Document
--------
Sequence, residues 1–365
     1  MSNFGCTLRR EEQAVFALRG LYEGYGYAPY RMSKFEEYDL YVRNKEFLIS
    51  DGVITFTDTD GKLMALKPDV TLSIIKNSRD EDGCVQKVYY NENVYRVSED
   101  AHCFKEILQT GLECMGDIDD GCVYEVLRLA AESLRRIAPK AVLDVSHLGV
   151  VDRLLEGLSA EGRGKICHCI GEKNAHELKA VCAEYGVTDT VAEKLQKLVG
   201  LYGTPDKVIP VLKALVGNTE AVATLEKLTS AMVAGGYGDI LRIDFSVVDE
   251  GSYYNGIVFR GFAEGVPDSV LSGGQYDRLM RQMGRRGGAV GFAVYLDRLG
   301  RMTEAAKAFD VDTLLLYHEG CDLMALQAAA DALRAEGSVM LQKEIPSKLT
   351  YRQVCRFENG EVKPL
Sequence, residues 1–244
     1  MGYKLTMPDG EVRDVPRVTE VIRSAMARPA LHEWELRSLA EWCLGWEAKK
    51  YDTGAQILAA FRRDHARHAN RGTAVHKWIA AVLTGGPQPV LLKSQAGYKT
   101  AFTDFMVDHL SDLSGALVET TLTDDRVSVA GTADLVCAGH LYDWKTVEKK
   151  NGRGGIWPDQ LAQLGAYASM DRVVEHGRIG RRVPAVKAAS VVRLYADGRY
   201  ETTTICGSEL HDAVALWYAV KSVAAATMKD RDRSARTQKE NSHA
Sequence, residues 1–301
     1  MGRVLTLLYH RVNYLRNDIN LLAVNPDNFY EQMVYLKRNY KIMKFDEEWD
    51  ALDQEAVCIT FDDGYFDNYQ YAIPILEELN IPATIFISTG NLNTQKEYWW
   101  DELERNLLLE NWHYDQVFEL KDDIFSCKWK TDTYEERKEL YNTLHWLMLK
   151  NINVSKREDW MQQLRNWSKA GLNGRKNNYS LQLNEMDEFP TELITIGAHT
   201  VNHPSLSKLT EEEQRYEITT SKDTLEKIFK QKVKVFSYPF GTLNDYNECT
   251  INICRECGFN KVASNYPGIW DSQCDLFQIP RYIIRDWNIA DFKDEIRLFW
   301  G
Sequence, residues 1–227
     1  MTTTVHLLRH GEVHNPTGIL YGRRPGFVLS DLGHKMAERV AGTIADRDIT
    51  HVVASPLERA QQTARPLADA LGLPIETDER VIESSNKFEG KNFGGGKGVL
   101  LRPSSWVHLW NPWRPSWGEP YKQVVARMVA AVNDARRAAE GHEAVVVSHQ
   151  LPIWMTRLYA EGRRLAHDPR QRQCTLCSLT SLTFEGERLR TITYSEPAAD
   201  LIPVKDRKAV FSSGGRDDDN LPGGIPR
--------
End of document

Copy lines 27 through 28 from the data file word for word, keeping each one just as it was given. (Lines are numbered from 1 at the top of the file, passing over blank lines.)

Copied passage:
   101  LRPSSWVHLW NPWRPSWGEP YKQVVARMVA AVNDARRAAE GHEAVVVSHQ
   151  LPIWMTRLYA EGRRLAHDPR QRQCTLCSLT SLTFEGERLR TITYSEPAAD